:• ^The VanguSrdMattofftW^ andtwofrigates, paffed \ open,and true Hearts to great King; and thereupon by Plymouth laft^TuciUy fer theWeftward, frdhi which I we" give ybu four Pieces oTftriped Duffils. the great Po|fet^^«»joiajpdna^jMA;eQftofe *t$J&iaw&i i I Hear then the Words of the Great Kin 'Qjt^thxm&y '^iim^l^^-^^'^t^if^^^S^ j vVOuliave feeh, airid who has commanded us to Houfe at Tot ^h^i$^^h ©m^ 4Hat ! theiEiigKfh every where on all Sides of ger.Laney tg ^^,Ha^h^i'ijf ,^u4ga Row- Yefterday MoimnJ^^d^her Houfe in North-ilreet : W^ftminfter,- Mrs. I^UKf^d,^ a Lady poflefled of a pfen- ^fol Fortune. - £ Laft Week died atS&elton, near York, aged 8b, Hetiry 1 Brook, Efq; Brothe^^thel ^teHSu James Brook, Bart. - Wednefday Monyh ^a Pbfter.Witha, Hamper of Li quor oirhis Back, : fel^bwn neat Temple Bar, whereby : one^pf Ills Thiglrf broke, and he was very much •Thurfday Morning* 1 a Woman in the New Road near ^.Lambeth> was ftm over by a Cart, whereby one of her ] Legs was brbke< f* Yefterday Zachariah Dixon and William Davis, who : were conyifted at the Otd-Bailey for Tranfoortation, received received his Majefty's Patdon, on Condition of their ferving • in fome of the Corps belonging to his Majefty. Tork^ March 8. Laft Tuefday came on the Trial of Edward Smith, Serjeant .in the late General Elliot 's Regiment Regiment of Foot, for the Murder of Samuel Land ; when he was found guilty, received Sentence of Death, and on Thurfday was execute^ and/his Body fent to the County Hofpital to be diffectetf^ I R./ E. L A N D. Dub)'m, March 8, - The Sovereign and Inhabitants of th,4^gfc.0£ gelf^ .have declared their grateful Senfe :of- wie - wllgatiohtthey lye under to his Majefty's Troops underjthc Commahd^bf Major General Strode, who were ]at Carrickfergus and .in that Town, when the late Attack was made by the French on thofe Parts; and to the feveral Bodies of Miiitia-of the Counties of Armagh, Down and Antrim, who came with fo much Expedition and Chear- fulhefs to their Affiance. They declare further that the handful of newraifed Troops, coafifting of 150 Men, commanded by Lieut. Col. Jennings, who killed and wounded more than 100 of the Enemy, who were upwards of rooo, with thfi;tnfling Lois of five or fix, and at laft capitulated for wam>pf Ammunition, convinced the Enemy Enemy that they would be oppofed to the utmoft by Men of Courage; and the fneedy coming in of the Militia from all.Parts, which <$ney were not ignorant of, made them (erifible -that mere would not be wanting, fufficient Numbers to do it,* iT]be Prefervation then of this Town is plainly owing, tinder God, to the Behaviour of thefe Troops, and of onr Countrymen in appearing fo feafonably: feafonably: for our Defence. They fay alfo that;they think it incumbent on them therefore to return their Thanks to Major General Strode.and his Regiment;'and in the moll particular Manner to Col. Jennings, and the Officers and Men under lus Command, for their great Bravery fhewn againft fuc &a firperior Force; to Major Higginfon, and his Corps, faac, Xhsir Attention .to their Duty, and being being indefatigable ih the Difchar^e ,of it; and to all the Officers of the' Miliria, and their respective Corps, for their fpeedy-Helpjj and the extraordinary Zeal, Spirit and Activity fhev?n rat their prefervation, and in the Service of their Countfy,. And Aey hope that their Thanks will be accepted of^SiMark of their Gratitude; and that they will belief that I^^ImprefCon which fuch a gene- ,&&$)$}?2ad^ refelute C^t^ct ina^s^upbri 'their Minds, is equal to die (ireatkefs and Importance of the Service they have done them. On Thuxfday laft the Houfe of Commons votedThanks to the Gentlemen of the Counties of Antrim, Armagh, and Down, and the City of Deny, for their loyal Beha­ viour and Readinefs in mafching tb oppofe the French upon upon their landing at Carrickfergus. And Yefterday they refolved the like Thanks to the brave Lieut. Col. Jennings for his heroic Behaviour. By Letters -from Whitehaven, we learn that as foon as Intelligence was received thfre of M. Thurot 's being in our Channel, they immediately put every Thing belonging belonging to their Fort with tto^ Battery of 18, in fuch Readi­ nefs as to be perfectly fecure; and able if he fhould make any. Attempts there to give him a warm Reception ; that they had alfo difolayed.th£.Britifh Flag on the Fort, and underneath a.Woma«?i Shift upon a Pole, with one Sleeve on, in Derifion o| htoinf|£jr's: Attempts. At Night as ,a Gentleman was. paffingnlong Anglefey- ftreec, hewas>purfued out of a Hode of ill Fame by a Number" of Bullies, who wounded him in a dangerous Manner. Soon after feveraO'erfons aflembled and attacked attacked that and another Hoafe of theJlike Kind:in faid Streeti both whij ^ii they deniAtifhed, with all the Furniture Furniture that were in them: In one of tfiofe fame Houfes one Richard Trimble a Cook, was murdered a few Nights ago. , • For this Week paft the Take of CodFifhhas been fo great, that this and the preceding Day upwards of 40 Cars laden with them' have been brought to this City, which has conftderably lgllfene4 their PnCe./ We hear that M. Thurot fought and was killed, dref- fed Uke.a S^ajjo/,,! in a bluejacket, in Order (as is fup- poied>:thp S&ter.tgi^d ^i^lii^felf. —~<A M >£M ; R- I G A. • The fillakoing fr^dn tAthenticCopy'0''tbt'Treatyconcluded by 'the Lords of Trade and Plantations, by the King's Order, twith the Cherokee'Indians, referred to in and confirmed by the new Treaty, infer fed in ourPaper of'laft Tburfday. 44 tff7HEREM yoa Scayagufta Oukah, Chief of yy the Town of Taffeta,. you Scalilofken Keta- gufta, you Tehtowe, you Clogoittah, ,you Colannah, you Unnacanoy, you Oucounacou, have been deputed by the whole Nation of th6 Cherokee Indians to come to Great Britain, where you have feen the great King George, and in Token of your Obedience.have laid the ^Qrown of your Nation* with the Scalps oj ^yonr Enemies, ^S^Feathers ,o^-Peace, at his Majef^sjFeet'; now the -King of Great Britain bearing Love his Heart to the ^Owerfdr^hd 3 &eat Nation of the Cherokee Indians, his *g^'F«eh*:®M 8 !^ ^ empowered us to treat witrtyoBij ^eieV an4 accordingly we now fpeak to ; you as if ikv tPiwI^Hathia of the Cherokee Indians, their old Men, : ydu% Men, Wives and Children, were allprefent, and-yon ^f|„to underftand the Words we "fpeak as the^brds pT^ie^great King our Mafter, whom i .yauhave feen, and tve ffiiiS uaderftand the Words which you fpeak to at as die Words of alhyour People, with ^^hntains .and Lates are his People, and his Children, e^o^lhtlo^es, t^iit their Friends are his Friends, and their Enemies are his Enemies ; that he takes it kindly th^t^^eat'Nattori of the Cherokees have fent you hi- "ther^g ^eiaJt 'Waytob.righten the Chainof Friendihip between between hinvaad them, and between his People and your People jvthatthe Chainof Friendihip between him and theChero|cee Indians is like the Sun, which both fhines 'here'and alfo apoh the great Mountains where they Jive, and equally warms the Hearts of the Englifh and of the Indians; that as there are no Spots or Blacknefs in the Sun, To there is riot any Ruft or Foulnefs in this Chain, and as the great King has fattened one End of it to his; own Bread, he defires you will carry another End of the Chain and faften it well to the Breafts of your old wife Men, your Captains, and all your People, never more to be broken ormadeloofe; and hereupon we give you two Pieces of blue Cloth. 44 The great King and the Cherokee Indians being thus faftened together by the Chain of Friendfliip, he has, ordered his People and Children the Ehgli/h in Carolina, to trade with the Indians, and to furnifh them with all Manner of Goods that they want, and to make hafte to build Houfes, and to plant Corn from Charleftown towards towards the Towns of the Cherokees, beyond the great Mountains, for he defires that the Indians and the Englifh may live together as the Children of one Family, whereof whereof the great King is a kind and loving Father; and as the King has given his Land on both Sides of the great Mountains to his own Children-the Englifh, fo he now gives to the Cherokee Indians the Privilege of living where they pleafe : and he has ordered his Governor to forbid the Englifh from building Houfes or planting Corn near any Indian Town, for fear that your young People fhould kill the Cattle and the young Lambs, and £0 quarrel with the Englifh and hurt them ; and hereupon we give one Piece of red Cloth. 44 The great Nation of Cherokees being now theChil- dren of the King of Great-Britain, and he their Father, the Cherokees muft treat the Englifh as Brethren of the fame Family, and muft be always ready at the- Governor's Command to fight againft any Nation, whether they be white Men or Indians, who fhaU'dare to moleft or hurt the Englifh ; and hereupon we give twenty Guns. 44 The Nation of the Cherokees fhall on their Part take Tcare : to keep the trading Path clean, and that there be no Blood in the Path where the Englifh white Men tread, even though they fhould be accompanied by any orher People with whom the Cherokees are at War; whereupon we give four hundred Pounds Weight of Gunpowder. Gunpowder. That the Cherokees fhall not fuffer their people to trade with the white Men of any other Nation but the Englifh, nor permit white Men of any other Nation to build any Forts, Cabins, or plant Corn among thenv or near to any of the Indian Towns, or upon the jLands which belong to the great King; and if any fubh Attempt Attempt fhall be made, yeu muft acquaint the Englifh Governour Governour therewith, and do whatever he dire&s, in Order to maintain and defend the great King's Right to the Couhfjy of CarbTiha; wHereupon^Tgivy%v^^re^ Pounds Weight of Swan-fhot and five hundred Pounds Weight of Bullets. 44 That if any Negroe Slaves fhall run away into the Woods from their Englifh Mafters, the Cherokee Indians fhall endeavour to apprehend them, and either bring them back to the Plantation from which they run away, or to the Governor : And for every Negroe fo apprehended and brought back, the Indian who brings him fhall receive receive a Gun and a Match Coat; whereupon we give a Box of Vermilion, ten thoufand Gun Flints, and fix Dozen of Hatchets. That if by any accidental Misfortune it fhould happen happen that an Englifhman fhould kill an Indian, the King or Great Man of the Cherokees fhall iirft. complain to the Englifh Governor, and the Man who did it fhall be pu- nifhed by the Englifh Laws as if he had killed an Eng­ lifhman ; and in like Manner, if an.Indian-kill an Eng­ lifhman, the Indian who did it fhall be delivered up to the Governor, and punifhed by th« fame Englifh Law ; whereupon we give twelve Dozen of fpring Knives, four Dozen of brafs Kettles, and ten Dozen of Belts. You are to underftand all that we have now faid to be the Words of the great King whom you have feen ; and as a Token that his Heart is open and true to his Children Children and Friends the Cherokees, and to all their People, he gives his Hand in this Belt, which he defires may be kept and fhewn to all your People, and to their Children and Children's Children, to confirm what is now fpoken, and to bind this Tteaty of Peace and Friendfhip betwten the Englifh and Cherokees as long as the Mountains and Rivers fhall laft, or the Sun fhine : Whereupon we give this Belt of Wampum." By Command of their Lordfhips, • (Signed) ' . ALURED POPPLE. Whitehall, Sept. 7, 1730. N.B. The Names, of Indians are not arbitrarily in> pofed, but given as a Distinction of Honour, &c; and by different Actions the fame Perfons acquire new Names : Thus, the Indian named in the above Treaty Oucouna­ cou, is at this Day called Attakullakulla, and by theBri- tifh Traders, The "Little Carpenter." High Water this Day at London-Bridge at 26 after 1 z in the Morning, and 53 after 12 in the Afternoon. Bank Stock fhut. India ditto fhut. South Sea ditto 90 \. 3 per Cent. Bank Ann. red. fhut. Ditto confol. 81. Ditto 1726 80 \. Ditto 1759 80 f. 3 { ditto 1756 84 f. Ditto 1758 86 f. • 4 per C, ditto 1760 93 \ a J, Old 82 2 fhut. 3 per Cent. South Sea Ann. 82 f. Ditto New Ann. Ditto 1751 81 |. Ditto India Ann. Indja'Bonds is. a 2s. Bank Circulat. 7s. 6d. a ros- Navy Bills 7 | per Cent Difc. Tickets 4]. 18s. Scrip. 94 f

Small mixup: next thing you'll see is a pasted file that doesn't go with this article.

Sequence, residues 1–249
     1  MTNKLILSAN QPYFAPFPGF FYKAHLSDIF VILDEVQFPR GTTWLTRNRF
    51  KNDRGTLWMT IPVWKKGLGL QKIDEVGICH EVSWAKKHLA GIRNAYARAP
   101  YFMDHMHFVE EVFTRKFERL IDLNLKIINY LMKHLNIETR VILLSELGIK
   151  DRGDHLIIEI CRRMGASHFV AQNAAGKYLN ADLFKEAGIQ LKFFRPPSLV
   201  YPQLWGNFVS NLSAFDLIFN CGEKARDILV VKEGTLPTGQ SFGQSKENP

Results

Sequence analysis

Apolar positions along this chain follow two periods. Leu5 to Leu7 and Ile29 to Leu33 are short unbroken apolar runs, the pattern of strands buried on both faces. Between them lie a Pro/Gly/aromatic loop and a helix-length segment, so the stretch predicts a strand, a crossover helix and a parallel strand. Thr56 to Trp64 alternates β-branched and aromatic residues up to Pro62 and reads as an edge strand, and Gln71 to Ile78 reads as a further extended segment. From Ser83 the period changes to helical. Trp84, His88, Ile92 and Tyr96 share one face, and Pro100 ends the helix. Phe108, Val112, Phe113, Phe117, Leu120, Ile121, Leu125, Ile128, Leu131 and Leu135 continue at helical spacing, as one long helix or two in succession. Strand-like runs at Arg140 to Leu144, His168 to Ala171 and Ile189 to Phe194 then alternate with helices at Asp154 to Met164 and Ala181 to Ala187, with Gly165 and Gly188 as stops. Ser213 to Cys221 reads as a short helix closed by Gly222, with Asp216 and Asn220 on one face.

Clipped from The Public Advertiser15 Mar 1760, SatPage 2

The Public Advertiser (London, Greater London, England)15 Mar 1760, SatPage 2
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  • 1730 Cherokee Treaty with British

    joebob – 15 Sep 2013